Heavy rainfall has triggered landslides near tourist hot spots across New Zealand's South Island. Authorities evacuated a number of homes and sent helicopters and planes to airlift those stranded.
New Zealand's Southland region declared a state of emergency Wednesday after severe flooding forced thousands of residents to flee their homes and left hundreds of tourists stranded at the popular Milford Sound and Franz Josef tourist spots.
The South Island was bombarded with more than 1,000 mm (39 inches) of rainfall in only 60 hours, prompting landslides on major roads and causing rivers to overflow.
Earlier on Wednesday, local authorities warned residents in the low-lying towns of Gore, Mataura and Wyndham to evacuate immediately and head to higher ground as the Mataura river showed signs of bursting. Residents were told to take with them clothing, medication and identification documents.
"We have issued notices to evacuate and to prepare to evacuate to 6,000 people across the region," a spokesperson from the Emergency Management Southland (EMS) told French news agency AFP.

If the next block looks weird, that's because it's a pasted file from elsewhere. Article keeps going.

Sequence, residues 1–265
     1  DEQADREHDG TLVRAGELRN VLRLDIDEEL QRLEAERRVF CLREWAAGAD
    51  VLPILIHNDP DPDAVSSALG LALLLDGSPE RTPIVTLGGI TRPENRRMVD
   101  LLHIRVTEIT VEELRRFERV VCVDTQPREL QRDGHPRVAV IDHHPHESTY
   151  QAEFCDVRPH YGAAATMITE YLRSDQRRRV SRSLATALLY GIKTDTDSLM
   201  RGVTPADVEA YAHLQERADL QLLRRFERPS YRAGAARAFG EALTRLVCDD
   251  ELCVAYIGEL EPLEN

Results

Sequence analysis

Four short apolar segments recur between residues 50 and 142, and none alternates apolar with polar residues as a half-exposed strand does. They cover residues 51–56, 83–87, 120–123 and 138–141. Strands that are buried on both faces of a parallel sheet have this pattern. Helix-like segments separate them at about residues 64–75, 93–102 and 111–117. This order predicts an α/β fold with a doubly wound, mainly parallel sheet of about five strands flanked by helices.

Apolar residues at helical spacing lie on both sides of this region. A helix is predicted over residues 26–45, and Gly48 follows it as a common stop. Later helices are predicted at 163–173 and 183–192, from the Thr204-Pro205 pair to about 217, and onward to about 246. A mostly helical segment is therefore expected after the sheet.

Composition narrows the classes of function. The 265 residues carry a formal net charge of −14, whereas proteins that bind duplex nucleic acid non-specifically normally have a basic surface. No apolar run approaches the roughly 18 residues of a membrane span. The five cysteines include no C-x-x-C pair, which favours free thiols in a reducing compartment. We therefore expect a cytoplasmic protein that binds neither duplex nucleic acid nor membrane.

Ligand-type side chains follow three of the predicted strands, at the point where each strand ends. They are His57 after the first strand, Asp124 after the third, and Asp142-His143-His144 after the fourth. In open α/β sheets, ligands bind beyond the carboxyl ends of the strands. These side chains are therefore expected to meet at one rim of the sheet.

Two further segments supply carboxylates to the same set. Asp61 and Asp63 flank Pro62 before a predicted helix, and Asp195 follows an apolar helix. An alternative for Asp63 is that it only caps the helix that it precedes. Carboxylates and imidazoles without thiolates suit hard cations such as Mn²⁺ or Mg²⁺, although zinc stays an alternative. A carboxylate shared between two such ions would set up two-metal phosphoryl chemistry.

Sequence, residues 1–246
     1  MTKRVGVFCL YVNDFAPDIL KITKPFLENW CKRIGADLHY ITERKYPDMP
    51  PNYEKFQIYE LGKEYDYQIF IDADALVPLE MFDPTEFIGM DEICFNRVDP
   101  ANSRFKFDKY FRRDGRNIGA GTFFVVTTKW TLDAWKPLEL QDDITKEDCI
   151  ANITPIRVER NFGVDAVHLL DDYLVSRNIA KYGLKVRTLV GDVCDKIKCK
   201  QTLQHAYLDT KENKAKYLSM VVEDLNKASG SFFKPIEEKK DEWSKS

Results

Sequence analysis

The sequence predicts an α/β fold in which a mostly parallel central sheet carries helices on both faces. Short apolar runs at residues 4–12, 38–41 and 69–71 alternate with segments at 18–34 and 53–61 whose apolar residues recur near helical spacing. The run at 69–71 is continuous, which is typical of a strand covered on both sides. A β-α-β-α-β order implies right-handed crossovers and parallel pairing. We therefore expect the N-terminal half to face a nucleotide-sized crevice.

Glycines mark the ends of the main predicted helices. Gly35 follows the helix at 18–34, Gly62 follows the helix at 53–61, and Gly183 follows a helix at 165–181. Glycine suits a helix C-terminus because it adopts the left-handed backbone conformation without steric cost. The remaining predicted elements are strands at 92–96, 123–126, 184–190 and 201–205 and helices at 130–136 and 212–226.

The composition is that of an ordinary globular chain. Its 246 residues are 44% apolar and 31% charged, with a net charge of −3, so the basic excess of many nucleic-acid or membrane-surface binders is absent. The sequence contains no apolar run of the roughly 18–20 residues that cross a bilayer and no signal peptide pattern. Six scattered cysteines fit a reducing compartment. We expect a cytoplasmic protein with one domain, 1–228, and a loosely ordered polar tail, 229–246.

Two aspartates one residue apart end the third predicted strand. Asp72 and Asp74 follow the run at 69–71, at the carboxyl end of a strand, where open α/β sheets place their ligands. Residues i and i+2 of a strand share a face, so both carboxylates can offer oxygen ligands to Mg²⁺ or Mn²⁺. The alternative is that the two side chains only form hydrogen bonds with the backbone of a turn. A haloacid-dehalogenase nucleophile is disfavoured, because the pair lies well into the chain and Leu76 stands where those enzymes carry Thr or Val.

Two minor injuries were reported after a landslide struck a hut on the Routeburn walking track, near Milford Sound, with both people receiving treatment at the scene.
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Around 200 people were airlifted to nearby Te Anau as floodwaters blocked access to sections of the only road to the popular Milford Sound hiking track, according to the EMS.
"The tourists... have been well catered for," it said. "Morale has been high amongst the visitors and staff, as they received regular briefings and have been in contact with friends and family."
Authorities ordered the power to be cut in affected areas as a precaution and set up evacuation centers in churches and schools across the Southland region.
Tourists stranded at glacier
Around 1,000 tourists are stranded in the touristic town of Franz Josef, famous for its glacier, after the weekend's stormy weather caused landslides, flooding the small town's main highway.
Some tourists were opting to escape by helicopter or small plane while others were waiting until the highway reopened. Local authorities said access to the town likely won't reopen until Friday.
Westland Mayor Bruce Smith said there were about 20 planes and helicopters called on to help residents and tourists leave the area.
"They all have the option of taking fixed-wing planes or helicopters," Smith said. "It's just a question of who writes the check. I understand that.''
Smith added that more people would have been affected if the landslides happened a few weeks later, as that is when the area enters peak summer season.
Approximately 6,000 tourists travel through the Franz Josef region each day during peak season.
mvb/stb (AP, AFP)